Update July 24: Goode is quoted in Human Events saying he doesn’t care if he takes votes from Romney and makes a good point on the immigration issue when he says the Republicans are just as likely as Obama to push for a liberal policy on illegals (and more likely to get it through).
…well, at least in Virginia!
Former Virginia Rep. Virgil Goode, a hero of mine since I first learned about him in 2006, is gathering signatures in Virginia for a Constitution Party ticket, and according to the Washington Examiner he could significantly reduce Romney’s chances of winning the swing state.
Republican Mitt Romney faces a new obstacle to victory in must-win Virginia in November: A third-party presidential candidate who is favored by 1 in 10 Old Dominion voters and is drastically undercutting Romney’s showing against President Obama.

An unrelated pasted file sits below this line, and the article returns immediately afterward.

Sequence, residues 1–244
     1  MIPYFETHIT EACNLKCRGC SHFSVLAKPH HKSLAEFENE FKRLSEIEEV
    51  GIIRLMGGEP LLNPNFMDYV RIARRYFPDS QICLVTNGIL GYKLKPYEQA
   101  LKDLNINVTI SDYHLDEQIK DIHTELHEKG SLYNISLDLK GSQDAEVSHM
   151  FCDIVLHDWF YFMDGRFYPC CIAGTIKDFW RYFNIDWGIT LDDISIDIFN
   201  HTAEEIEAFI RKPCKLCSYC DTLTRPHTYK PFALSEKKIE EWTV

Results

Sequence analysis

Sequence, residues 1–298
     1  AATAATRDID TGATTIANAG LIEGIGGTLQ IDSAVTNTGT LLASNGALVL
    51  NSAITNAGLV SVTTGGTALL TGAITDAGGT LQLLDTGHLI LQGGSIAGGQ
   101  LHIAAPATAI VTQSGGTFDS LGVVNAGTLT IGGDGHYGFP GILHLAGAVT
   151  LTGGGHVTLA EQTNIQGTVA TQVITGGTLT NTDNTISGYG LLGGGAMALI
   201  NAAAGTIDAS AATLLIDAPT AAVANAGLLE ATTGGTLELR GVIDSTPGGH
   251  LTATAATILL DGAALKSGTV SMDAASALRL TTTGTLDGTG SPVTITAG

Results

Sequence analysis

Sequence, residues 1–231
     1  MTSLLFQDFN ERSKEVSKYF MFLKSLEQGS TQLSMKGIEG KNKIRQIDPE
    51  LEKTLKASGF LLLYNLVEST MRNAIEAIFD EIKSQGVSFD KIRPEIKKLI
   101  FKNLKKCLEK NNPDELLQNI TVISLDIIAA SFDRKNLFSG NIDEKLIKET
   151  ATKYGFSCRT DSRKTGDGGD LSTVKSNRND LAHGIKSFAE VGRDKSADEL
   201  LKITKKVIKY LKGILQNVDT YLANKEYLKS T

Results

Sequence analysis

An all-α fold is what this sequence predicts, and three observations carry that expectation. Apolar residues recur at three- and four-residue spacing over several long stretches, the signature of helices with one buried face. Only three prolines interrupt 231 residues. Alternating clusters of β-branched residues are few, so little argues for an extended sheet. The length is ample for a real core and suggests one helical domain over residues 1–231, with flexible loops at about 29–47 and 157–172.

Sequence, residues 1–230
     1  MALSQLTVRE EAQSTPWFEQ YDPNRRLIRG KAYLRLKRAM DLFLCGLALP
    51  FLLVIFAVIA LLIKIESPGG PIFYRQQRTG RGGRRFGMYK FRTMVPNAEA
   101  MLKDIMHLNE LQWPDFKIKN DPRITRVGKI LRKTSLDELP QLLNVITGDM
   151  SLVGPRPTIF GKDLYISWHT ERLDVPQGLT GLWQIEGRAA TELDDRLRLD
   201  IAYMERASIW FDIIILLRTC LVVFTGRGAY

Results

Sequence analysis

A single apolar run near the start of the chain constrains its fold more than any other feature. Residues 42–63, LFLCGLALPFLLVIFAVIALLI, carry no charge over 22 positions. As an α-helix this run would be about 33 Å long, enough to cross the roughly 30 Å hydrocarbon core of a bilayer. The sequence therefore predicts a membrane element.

Virgil Goode, who represented southwest Virginia in Congress from 1997 to 2008 as a Democrat and then as a Republican, is running for president on the Constitution Party ticket. A Public Policy Polling survey released Tuesday showed Goode winning 9 percent of the vote in a three-way race against Obama and Romney, though his support comes disproportionately at Romney’s expense.
“If we can get some name recognition here, we hope it will spread to other states,” said Goode, who still must qualify for the Virginia ballot.
To the right of Romney on immigration!
Even as a longtime democratic state senator, Goode’s strong pro-life, pro-gun stances resonated with traditional southern voters, and he’s to the right of Romney on issues like immigration and deficit reduction.
Indeed Goode has gone farther to the common sense right than almost any elected official I know! I wrote about him here at Refugee Resettlement Watch when he called for a MORATORIUM on all immigration—imagine that a MORATORIUM!
Goode became a hero of mine when in 2006 he infuriated CAIR (Council on American Islamic Relations) and the wussy Washington Post by linking Islamic terrorism to our immigration policy, here. The Left then targeted him for defeat by throwing gobs of money and campaign workers into his rural conservative district (that happens to include UVA). A hard lefty won but only served one term before being defeated by another Republican in a district first represented by James Madison.